Book List: 7 Children’s Books for National Bullying Prevention Month

7 books about bullying

October is National Bullying Prevention Month, a movement meant to “unite communities around the world to educate and raise awareness of bullying prevention.” In this blog post, we gathered titles from our Bullying/Anti-Bullying Collection that feature stories about different experiences with bullying and peer pressure and how to overcome and accept people’s differences. Use these books to start important discussions with children about bullying, including bully prevention, conflict resolution, and the skills needed to navigate these situations.

Sparkle Boy

Sparkle Boy
by Lesléa Newman, illus. by Maria Mola

Casey loves to play with his blocks, puzzles, and dump trucks, and he also loves things that shimmer, glitter, and sparkle. Casey’s older sister, Jessie, thinks this is weird until an encounter with teasing bullies helps her learn to accept and respect Casey for who he is.

Find the Teacher’s Guide here.
Purchase a copy here.

Chess Rumble

Chess Rumble
by G. Neri, illus. by Jesse Joshua Watson

Chess Rumble is a story in free verse about a troubled boy who learns to use his mind instead of his fists through the guidance of an unconventional mentor and the game of chess.

Find the Teacher’s Guide here.
Purchase a copy here.

King for a Day

King for a Day
by Rukhsana Khan, illus. by Christiane Krömer

This lively, contemporary story introduces readers to the annual spring kite-flying festival of Basant, and to a spirited, determined young boy who masters kite fighting while finding his own way to face and overcome life’s challenges.

Find the Teacher’s Guide here.
Purchase a copy here.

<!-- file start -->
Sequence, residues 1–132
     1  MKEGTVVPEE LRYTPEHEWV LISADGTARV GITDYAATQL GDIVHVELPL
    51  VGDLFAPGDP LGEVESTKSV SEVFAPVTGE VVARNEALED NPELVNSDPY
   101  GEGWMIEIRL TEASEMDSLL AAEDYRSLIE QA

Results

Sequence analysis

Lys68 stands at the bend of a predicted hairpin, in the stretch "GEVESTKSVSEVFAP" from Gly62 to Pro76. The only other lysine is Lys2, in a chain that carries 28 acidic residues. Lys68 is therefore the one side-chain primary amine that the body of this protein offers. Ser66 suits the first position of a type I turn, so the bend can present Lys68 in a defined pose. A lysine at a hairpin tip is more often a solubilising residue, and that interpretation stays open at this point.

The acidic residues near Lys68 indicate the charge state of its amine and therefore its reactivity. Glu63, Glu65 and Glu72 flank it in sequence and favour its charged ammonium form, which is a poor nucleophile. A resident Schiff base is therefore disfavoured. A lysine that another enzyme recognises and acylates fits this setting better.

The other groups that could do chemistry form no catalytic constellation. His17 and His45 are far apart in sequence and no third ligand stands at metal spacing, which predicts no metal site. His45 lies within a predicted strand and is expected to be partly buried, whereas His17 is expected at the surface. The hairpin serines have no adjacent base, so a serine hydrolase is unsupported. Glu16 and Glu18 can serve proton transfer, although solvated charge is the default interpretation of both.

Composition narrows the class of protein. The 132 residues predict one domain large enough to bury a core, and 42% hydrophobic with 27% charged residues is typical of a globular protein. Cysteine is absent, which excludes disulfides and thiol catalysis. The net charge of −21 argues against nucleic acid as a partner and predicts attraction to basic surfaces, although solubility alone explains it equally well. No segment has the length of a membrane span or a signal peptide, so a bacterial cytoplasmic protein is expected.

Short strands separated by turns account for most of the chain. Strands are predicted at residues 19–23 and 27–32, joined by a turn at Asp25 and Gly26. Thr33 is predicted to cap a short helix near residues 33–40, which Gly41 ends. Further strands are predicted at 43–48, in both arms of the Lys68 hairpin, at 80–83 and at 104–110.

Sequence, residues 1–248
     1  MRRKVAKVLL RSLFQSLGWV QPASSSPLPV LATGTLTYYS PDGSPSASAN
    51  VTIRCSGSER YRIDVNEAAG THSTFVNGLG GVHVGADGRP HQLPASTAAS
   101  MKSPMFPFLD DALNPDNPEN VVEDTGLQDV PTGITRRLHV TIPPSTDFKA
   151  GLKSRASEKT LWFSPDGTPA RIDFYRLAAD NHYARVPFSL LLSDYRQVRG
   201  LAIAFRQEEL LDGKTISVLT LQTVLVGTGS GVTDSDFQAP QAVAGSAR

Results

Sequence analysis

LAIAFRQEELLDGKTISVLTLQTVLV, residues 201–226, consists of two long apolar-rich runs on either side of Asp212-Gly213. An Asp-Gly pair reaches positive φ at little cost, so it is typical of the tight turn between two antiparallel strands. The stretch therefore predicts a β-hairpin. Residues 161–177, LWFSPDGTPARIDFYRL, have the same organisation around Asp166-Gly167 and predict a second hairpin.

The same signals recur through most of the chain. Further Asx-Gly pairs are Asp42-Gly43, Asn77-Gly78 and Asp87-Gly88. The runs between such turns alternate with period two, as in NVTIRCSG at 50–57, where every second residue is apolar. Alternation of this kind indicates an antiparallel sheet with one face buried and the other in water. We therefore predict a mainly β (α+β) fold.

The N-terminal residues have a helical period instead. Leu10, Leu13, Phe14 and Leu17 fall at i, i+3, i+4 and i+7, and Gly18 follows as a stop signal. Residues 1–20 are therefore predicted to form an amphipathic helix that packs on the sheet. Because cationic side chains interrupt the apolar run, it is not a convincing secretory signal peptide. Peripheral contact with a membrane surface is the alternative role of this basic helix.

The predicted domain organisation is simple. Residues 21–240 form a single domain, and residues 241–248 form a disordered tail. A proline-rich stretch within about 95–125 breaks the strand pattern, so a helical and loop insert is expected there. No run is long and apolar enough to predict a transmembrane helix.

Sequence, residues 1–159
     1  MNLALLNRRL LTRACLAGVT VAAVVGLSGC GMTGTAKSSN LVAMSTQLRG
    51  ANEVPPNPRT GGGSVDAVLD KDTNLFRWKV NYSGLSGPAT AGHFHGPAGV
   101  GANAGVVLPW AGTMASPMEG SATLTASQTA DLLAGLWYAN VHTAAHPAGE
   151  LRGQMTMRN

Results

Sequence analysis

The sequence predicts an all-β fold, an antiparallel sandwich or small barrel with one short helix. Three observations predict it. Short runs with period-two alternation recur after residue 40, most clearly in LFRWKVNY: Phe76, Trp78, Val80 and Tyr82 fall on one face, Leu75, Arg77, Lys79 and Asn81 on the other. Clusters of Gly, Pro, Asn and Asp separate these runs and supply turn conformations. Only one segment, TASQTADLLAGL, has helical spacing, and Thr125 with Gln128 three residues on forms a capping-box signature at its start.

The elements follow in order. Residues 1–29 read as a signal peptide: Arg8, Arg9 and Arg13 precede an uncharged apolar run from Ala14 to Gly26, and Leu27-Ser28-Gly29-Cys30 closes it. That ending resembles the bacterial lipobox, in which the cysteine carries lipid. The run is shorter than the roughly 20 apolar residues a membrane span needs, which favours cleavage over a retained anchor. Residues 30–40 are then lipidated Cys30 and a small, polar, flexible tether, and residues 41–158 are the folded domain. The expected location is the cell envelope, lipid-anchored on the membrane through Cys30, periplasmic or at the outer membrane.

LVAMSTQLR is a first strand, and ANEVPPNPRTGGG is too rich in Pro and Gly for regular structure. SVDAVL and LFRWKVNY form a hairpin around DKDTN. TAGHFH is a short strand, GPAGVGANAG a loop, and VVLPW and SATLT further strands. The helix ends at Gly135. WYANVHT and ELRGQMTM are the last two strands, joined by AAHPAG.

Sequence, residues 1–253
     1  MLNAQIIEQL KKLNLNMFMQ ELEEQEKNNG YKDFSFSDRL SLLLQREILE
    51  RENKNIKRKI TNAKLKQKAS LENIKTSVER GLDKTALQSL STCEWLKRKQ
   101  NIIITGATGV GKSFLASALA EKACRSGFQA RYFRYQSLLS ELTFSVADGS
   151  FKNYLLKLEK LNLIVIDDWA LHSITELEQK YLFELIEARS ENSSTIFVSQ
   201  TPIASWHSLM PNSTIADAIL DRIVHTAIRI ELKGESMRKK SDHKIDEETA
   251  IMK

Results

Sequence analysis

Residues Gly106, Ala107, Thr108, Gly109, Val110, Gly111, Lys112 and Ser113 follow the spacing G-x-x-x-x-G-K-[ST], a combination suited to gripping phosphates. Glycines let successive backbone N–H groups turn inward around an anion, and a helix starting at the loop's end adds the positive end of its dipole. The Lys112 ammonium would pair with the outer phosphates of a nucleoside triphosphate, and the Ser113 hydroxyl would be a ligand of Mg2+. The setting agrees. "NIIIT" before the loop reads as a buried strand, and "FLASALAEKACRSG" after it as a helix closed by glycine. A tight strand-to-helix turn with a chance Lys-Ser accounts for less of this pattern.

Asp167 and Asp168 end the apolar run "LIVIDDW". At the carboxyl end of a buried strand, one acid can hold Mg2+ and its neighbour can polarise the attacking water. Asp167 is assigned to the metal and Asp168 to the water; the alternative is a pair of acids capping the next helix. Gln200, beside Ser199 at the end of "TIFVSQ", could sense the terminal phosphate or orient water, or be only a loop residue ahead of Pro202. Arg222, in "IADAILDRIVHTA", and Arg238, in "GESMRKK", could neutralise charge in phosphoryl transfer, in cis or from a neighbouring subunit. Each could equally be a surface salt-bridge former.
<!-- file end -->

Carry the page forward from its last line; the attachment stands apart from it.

First Day in Grapes

First Day in Grapes
by L. King Perez, illus. by Robert Casilla

All year long Chico and his family move up and down the state of California picking fruits and vegetables. Every September they pick grapes and Chico starts at a new school again. When fourth-grade bullies confront Chico in the lunchroom, he responds wisely with strengths of his own. Readers of all backgrounds will relate to Chico’s bravery and the creative way he finds to resolve conflict.

Find the Teacher’s Guide here.
Purchase a copy here.

It Doesn't Have to Be This Way

It Doesn’t Have to be this Way/No tiene que ser así
by Luis Rodríguez, illus. by Daniel Galvez

It Doesn’t Have To Be This Way is a compelling tale of a young boy’s encounter with the world of gangs—a world that author Luis J. Rodríguez knows firsthand. There is no easy answer to Monchi’s dilemma, but the love and respect of his uncle help him find a way out.

Find the Teacher’s Guide here.
Purchase a copy here.

Heroes

Heroes
by Ken Mochizuki, illus. by Dom Lee

Set against the backdrop of the 1960s, this intergenerational story explores how one family deals with the painful legacy of war and prejudice.

Find the Teacher’s Guide here.
Purchase a copy here.

Lend a Hand

Lend a Hand: Poems About Giving
by John Frank, illus. by London Ladd

A collection of original poems centered on giving and spontaneous acts of kindness, Lend a Hand demonstrates that empathy and social awareness can start at an early age.

Find the Teacher’s Guide here.
Purchase a copy here.

Purchase the anti-bullying collection:

Bullying Collection

Further Reading:
Books for Children and Educators About Kindness
Teaching Tolerance and Anti-Bullying
This Week in Diversity: Bullies, Surfer-Girls, and Ancient Diversity

3 thoughts on “Book List: 7 Children’s Books for National Bullying Prevention Month”

  1. I really love this article for the message of awareness for Bullying Prevention! I am doing a book giveaway every week on my social media for the same purpose. I hope to increase conversations in classrooms and homes about ways to prevent and stand up against bullying.
    However, I would love to see more gender equality in lists like these. Your loyal readers, like myself, depend on and look forward to recommendations from Lee and Low. The children’s literature world is heavily in favor of boy protagonists and anamorphic characters in picture books, MG, and YA books. I do see Marisol McDonald is represented in your graphic who we love (biracial girl power!!;)). I truly hope to see more girls represented in your lists in the future.

    1. Hi Bethany,
      Thank you so much for your thoughtful comment! This is something we definitely need to do better on. We will take your feedback to heart and work on more gender diversity in our lists going forward!

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